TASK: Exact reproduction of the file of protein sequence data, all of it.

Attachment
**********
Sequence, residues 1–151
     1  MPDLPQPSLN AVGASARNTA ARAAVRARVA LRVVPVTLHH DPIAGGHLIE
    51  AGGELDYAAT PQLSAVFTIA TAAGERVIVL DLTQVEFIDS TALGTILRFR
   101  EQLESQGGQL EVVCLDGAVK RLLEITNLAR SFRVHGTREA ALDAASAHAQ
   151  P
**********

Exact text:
Sequence, residues 1–151
     1  MPDLPQPSLN AVGASARNTA ARAAVRARVA LRVVPVTLHH DPIAGGHLIE
    51  AGGELDYAAT PQLSAVFTIA TAAGERVIVL DLTQVEFIDS TALGTILRFR
   101  EQLESQGGQL EVVCLDGAVK RLLEITNLAR SFRVHGTREA ALDAASAHAQ
   151  P